See Why Brits Love Spain and Portugal Beaches [Slideshow]
When all you can think about is kicking your shoes off and feeling the sand in your toes, the beaches of Spain and Portugal beckon.
Whether it’s long, golden stretches of untouched beauty or vibrant resorts for people-watching and a sunset sangria or two, holiday packages to our favourite countries, as an extra bonus, are great value.
All-inclusive resorts, charming whitewashed villas and family-friendly apartments offer relaxation in the sun, for all budgets. Better still, costs for tourist items, such as dinners, drinks and transport are extra cheap this year, according to the Post Office Travel Money City Costs Barometer, especially in the Algarve and the Costa del Sol.
From popular hot spots to beaches still off the regular tourist trail, here’s a look at why Brits love Spain and Portugal.
An historic town on a lush backdrop of pine-covered hills, Sintra is all about culture and untouched stretches of spectacular, Atlantic coast. Off the sand, you’ll discover fairy-tale forests, palaces, vineyards and scrumptious seafood dining.
A perennial favourite with British sun-worshippers, Lanzarote’s beaches are intriguingly framed by volcanic landscapes. It’s always possible to find a spot on the sand to yourself, however, if you want to immerse in Canary Island action, stay in the beach resorts of Playa Blanca and Puerto del Carmen.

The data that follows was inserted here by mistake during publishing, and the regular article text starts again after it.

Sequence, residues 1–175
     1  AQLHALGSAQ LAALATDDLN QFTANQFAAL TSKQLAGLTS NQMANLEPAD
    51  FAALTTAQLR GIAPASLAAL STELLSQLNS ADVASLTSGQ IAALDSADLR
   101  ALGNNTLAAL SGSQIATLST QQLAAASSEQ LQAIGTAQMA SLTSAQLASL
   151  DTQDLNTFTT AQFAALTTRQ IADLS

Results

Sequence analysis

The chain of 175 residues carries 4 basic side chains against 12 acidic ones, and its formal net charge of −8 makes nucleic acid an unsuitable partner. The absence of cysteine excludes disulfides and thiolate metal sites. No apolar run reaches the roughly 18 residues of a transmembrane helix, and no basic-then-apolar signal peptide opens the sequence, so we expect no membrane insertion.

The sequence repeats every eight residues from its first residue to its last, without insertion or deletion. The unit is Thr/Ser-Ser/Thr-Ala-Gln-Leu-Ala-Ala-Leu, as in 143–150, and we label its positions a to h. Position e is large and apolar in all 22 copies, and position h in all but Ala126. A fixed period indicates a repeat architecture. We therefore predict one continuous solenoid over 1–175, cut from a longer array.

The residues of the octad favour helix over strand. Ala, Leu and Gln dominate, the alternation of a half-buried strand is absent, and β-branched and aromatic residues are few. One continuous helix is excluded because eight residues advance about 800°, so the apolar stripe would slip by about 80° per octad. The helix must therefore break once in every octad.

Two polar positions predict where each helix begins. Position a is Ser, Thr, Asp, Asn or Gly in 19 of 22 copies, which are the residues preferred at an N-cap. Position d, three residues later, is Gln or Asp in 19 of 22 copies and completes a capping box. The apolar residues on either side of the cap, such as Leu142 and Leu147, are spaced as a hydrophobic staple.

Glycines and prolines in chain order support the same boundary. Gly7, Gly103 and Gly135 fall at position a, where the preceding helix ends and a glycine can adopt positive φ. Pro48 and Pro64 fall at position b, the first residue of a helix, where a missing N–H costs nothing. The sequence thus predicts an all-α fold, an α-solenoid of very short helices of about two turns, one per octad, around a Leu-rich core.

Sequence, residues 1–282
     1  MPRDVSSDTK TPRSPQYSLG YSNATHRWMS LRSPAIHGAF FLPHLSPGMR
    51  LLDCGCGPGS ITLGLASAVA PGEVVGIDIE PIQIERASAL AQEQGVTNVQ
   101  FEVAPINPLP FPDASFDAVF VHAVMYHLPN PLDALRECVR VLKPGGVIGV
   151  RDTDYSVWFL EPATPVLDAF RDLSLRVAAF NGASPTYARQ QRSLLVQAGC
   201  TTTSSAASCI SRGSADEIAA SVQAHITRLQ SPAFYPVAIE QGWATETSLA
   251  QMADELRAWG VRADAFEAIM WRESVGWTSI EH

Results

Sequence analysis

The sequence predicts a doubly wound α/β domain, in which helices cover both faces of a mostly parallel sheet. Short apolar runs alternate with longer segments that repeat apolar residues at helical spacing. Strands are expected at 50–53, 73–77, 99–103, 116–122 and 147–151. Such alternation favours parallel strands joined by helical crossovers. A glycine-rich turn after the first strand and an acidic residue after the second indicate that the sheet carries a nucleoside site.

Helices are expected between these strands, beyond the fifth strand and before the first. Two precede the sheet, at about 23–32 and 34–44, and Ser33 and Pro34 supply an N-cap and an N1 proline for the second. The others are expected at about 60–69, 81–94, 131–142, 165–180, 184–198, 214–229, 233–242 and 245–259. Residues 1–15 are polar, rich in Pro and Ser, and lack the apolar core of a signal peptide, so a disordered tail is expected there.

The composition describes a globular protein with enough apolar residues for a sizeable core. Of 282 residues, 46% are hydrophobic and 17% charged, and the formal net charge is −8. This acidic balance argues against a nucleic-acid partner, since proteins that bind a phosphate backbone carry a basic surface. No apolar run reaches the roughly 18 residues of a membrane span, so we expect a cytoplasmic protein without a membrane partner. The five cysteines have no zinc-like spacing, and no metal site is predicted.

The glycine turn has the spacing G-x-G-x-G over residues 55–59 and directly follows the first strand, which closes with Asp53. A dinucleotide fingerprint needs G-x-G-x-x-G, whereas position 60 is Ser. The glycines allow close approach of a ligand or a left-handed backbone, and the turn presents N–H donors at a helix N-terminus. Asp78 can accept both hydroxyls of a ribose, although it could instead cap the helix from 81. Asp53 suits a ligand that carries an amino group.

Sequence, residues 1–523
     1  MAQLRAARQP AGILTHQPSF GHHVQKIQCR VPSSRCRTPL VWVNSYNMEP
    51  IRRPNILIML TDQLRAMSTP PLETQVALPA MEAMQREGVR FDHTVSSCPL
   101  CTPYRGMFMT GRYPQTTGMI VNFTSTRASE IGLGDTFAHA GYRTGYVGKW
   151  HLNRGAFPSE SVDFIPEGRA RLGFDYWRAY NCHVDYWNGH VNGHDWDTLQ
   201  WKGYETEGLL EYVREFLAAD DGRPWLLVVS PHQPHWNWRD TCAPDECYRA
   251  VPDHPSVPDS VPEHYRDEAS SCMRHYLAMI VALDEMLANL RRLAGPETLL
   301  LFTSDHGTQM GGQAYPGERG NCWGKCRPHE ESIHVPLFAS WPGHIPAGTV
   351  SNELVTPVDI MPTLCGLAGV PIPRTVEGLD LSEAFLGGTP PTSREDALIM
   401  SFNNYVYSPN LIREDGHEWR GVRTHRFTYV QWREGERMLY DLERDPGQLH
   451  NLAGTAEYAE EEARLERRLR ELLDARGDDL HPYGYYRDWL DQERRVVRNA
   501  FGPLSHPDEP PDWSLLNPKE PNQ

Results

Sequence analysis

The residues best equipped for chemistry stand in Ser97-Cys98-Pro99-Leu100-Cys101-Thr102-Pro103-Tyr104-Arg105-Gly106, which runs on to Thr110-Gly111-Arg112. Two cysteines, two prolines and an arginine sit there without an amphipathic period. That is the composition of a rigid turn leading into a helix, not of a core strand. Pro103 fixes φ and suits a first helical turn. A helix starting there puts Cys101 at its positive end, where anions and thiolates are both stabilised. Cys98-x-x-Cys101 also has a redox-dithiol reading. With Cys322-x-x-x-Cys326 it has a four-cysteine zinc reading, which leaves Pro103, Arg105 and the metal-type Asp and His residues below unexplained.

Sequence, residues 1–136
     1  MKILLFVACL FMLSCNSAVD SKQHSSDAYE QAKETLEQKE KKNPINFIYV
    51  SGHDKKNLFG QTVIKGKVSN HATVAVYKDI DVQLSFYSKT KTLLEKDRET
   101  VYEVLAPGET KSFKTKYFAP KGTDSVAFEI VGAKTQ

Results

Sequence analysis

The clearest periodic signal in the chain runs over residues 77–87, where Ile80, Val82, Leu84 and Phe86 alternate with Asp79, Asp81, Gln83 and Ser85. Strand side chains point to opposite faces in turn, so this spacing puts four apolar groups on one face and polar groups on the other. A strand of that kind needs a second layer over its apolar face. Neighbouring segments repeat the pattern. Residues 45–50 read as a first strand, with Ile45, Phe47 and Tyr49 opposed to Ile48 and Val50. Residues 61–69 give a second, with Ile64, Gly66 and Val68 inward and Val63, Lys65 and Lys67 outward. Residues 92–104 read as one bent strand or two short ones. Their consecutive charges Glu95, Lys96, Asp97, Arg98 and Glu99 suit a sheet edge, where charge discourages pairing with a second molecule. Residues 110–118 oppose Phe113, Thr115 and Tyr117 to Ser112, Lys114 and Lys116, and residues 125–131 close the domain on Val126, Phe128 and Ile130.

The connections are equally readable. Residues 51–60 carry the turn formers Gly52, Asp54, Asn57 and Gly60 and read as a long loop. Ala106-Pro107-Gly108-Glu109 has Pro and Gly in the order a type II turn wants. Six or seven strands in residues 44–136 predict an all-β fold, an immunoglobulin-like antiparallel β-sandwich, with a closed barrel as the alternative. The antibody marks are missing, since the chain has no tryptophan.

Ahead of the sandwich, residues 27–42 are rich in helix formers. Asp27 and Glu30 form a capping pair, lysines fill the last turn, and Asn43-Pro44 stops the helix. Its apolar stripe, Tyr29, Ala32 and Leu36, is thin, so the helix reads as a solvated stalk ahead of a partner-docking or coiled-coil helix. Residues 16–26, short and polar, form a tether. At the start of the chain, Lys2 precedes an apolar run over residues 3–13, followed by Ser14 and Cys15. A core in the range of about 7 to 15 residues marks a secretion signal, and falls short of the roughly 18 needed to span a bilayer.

Costa da Caparica, Portugal
The Portuguese have long flocked to the Costa da Caparica, however it’s still relatively unknown to foreign tourists. Just a short distance from Lisbon, the beach resort is a smorgasbord of tradition, beach parties, restaurants, surfing, hiking and accommodation options.
Situated on the Western Algarve coastline, Lagos delights with an historical Moorish center, weathered cliffs, rock formations, grottos and sea caves. The surrounding region is ideal for families, with water parks, a zoo, boat trips and a range of great-value accommodation.
Crystal clear seas await in Mallorca, with beach resorts, limestone cliffs, ancient ruins and sheltered coves for safe swimming. Chic beach clubs line sandy stretches of beach, hiking opportunities abound in the Serra de Tramuntana mountain range and the old town in Palma is steeped in history and charm.
A secret gem in the Algarve, Ferragudo is a traditional fishing village on the banks of the river Arade. Cobbled streets, churches, restaurants and cafes line the town, while coastal walks mean panoramic clifftop views and secluded coves for a dip in the sea.
A port city with a lively vibe, glorious sunsets and fascinating history, Gijón is a hub of action for beach-goers. It’s received a face lift over the years, with water-based activities, fantastic shopping, gastronomic delights,sports, spas and plenty of Latin music at night.
Once a sleepy fishing village, Cascais now offers tourists everything from a pedestrianised old town, designer boutiques, alfresco dining, museums, a marina and great surfing. Play a round of seaside golf, go horse riding and indulge in succuluent seafood.
Menorca, arguably the most relaxed of Spain’s stunning Balearic Islands, is a holiday heaven. White, sandy bays dot a 216km coastline, so you’ll always find a secluded spot for fun in the sun. Mix this with Bronze Age sites, coastal paths, shops, restaurants and cool, oceanfront bars for a Spanish holiday that’s all about balance and nature.